State charter schools get permission to remain open



Georgia has renewed the charters for nine schools whose authority to operate was to expire this year.

The reauthorized schools, which collectively serve about 15,000 students, don’t fit the typical charter school mold because they operate under the state rather than under a local school district. Had they been made to close, the students would have had to find another school, likely the neighborhood public school they left.

The attendance boundaries for these charter schools often extend beyond a single district, as with Georgia Cyber Academy, the largest public school in the state with more than 9,000 enrolled last fall.

That Atlanta-based online school is enduring a fractious split from K12, Inc., the corporation that once provided most of the school's services and curriculum. Because the academic performance is improving but not where officials want it to be, the State Charter Schools Commission approved a three-year renewal rather than the typical five years.

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Four other schools also got clipped terms.

Foothills Education Charter High School, with locations across north-middle Georgia; International Academy of Smyrna, an elementary and middle school in Cobb County; and Utopian Academy for the Arts, a middle school (soon adding elementary students) in Clayton County, were given three years.

Scintilla Charter Academy, an elementary and middle school in Valdosta, was renewed for two.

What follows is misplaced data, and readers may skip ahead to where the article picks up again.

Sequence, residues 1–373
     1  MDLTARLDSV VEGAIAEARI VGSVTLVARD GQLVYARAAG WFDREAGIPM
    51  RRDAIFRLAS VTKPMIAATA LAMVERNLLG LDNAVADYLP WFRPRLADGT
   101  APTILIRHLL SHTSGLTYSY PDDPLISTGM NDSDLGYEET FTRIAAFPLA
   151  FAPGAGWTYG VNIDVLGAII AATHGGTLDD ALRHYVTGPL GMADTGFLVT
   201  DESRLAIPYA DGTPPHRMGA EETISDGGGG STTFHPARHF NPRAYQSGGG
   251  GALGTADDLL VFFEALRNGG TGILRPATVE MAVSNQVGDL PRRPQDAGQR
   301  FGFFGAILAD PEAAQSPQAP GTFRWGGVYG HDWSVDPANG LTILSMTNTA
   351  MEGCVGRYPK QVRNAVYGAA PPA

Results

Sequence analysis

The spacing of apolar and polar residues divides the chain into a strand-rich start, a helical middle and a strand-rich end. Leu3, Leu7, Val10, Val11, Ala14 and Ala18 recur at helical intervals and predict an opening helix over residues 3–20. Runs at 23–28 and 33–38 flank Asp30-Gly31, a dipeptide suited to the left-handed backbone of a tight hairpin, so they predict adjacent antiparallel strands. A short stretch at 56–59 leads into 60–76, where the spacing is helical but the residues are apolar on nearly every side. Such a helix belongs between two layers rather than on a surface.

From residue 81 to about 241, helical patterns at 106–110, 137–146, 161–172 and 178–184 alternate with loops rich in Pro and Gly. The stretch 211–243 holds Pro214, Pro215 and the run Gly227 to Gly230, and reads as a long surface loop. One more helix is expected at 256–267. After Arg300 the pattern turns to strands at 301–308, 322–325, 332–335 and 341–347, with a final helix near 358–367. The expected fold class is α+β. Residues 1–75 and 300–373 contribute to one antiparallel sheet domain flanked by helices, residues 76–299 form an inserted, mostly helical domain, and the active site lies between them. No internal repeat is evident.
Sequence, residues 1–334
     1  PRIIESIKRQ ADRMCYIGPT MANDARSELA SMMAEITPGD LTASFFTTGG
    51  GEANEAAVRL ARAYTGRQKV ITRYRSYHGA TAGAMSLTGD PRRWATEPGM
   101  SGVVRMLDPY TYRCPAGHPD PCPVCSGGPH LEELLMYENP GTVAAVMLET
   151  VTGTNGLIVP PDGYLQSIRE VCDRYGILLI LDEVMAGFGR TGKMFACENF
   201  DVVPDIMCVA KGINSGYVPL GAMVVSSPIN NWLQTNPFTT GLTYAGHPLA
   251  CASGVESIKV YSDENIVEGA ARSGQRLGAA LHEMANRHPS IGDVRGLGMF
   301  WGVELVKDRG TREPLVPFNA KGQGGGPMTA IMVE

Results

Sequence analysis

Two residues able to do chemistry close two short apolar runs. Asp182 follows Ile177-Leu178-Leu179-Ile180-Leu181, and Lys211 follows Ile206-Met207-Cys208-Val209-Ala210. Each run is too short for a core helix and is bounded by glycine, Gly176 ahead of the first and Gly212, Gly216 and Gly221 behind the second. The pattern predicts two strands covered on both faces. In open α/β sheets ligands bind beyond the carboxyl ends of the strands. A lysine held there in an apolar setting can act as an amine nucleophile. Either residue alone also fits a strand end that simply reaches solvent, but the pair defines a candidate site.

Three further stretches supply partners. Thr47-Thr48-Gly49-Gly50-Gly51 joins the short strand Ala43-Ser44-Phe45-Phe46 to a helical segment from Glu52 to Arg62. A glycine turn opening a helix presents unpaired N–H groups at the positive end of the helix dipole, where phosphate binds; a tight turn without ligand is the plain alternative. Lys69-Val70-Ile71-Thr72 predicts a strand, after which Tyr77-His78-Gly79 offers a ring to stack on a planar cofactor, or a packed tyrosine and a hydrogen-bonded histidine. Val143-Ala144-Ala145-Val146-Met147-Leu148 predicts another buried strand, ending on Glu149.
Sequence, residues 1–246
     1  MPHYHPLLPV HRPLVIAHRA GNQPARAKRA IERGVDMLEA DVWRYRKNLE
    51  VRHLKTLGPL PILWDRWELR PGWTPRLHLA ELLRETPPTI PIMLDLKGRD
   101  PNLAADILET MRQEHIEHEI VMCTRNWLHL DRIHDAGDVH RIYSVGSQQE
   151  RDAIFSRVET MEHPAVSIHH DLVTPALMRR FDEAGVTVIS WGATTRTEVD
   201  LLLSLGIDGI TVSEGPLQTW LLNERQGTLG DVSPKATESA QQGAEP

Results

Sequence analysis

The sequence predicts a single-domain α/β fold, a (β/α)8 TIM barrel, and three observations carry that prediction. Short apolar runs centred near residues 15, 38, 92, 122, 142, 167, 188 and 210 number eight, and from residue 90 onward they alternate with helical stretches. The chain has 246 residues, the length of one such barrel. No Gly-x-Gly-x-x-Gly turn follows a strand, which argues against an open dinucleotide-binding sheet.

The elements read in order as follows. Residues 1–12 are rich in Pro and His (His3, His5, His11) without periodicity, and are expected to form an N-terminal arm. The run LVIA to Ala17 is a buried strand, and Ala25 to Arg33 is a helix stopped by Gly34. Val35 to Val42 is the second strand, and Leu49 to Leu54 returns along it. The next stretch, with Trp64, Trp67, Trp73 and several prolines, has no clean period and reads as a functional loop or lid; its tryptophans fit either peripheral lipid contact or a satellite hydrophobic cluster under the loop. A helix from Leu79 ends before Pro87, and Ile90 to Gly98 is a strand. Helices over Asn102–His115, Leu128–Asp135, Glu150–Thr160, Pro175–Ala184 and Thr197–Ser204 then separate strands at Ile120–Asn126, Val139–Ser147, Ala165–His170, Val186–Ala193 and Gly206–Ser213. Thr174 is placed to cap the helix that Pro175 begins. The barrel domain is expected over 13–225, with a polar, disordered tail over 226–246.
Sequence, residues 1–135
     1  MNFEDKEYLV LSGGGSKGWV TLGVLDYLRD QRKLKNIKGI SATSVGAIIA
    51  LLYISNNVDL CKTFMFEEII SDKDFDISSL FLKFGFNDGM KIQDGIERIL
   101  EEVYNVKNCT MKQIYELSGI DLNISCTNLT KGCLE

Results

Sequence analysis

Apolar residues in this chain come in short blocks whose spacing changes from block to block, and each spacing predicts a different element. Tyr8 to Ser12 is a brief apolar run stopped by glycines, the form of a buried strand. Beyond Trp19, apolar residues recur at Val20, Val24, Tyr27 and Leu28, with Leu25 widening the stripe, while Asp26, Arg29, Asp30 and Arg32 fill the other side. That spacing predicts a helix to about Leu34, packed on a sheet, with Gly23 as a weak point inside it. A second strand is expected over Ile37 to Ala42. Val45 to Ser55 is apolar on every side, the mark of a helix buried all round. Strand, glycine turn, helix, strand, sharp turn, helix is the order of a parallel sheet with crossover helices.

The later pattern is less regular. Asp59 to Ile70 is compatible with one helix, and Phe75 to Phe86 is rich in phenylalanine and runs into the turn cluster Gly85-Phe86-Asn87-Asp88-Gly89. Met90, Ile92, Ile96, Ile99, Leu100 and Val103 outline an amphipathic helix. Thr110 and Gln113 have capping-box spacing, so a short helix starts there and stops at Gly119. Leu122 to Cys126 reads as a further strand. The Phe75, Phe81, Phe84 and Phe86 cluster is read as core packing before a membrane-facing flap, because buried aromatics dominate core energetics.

Four schools earned full five-year terms: DuBois Integrity Academy, an elementary school in Clayton County; Georgia School for Innovation and the Classics near Augusta, serving elementary, middle and high school students; International Charter School of Atlanta, an elementary and middle school; and Odyssey Charter School, an elementary and middle school in Coweta County.

A couple schools with shorter renewal periods, including Utopian, asked for more time. Utopian suffered financial setbacks due to conflict with local officials who delayed the opening several years ago. A five-year term would send a better message to potential donors, said Artesius Miller, founder and director of Utopian.

Commissioners rejected the requests, saying the schools came close enough to the standards for academics, finances and operations but needed to improve before winning full terms.

The decision to approve shorter terms, said commission Chairman Tom Lewis, shows the state’s determination “to work with those schools and try to correct some things.”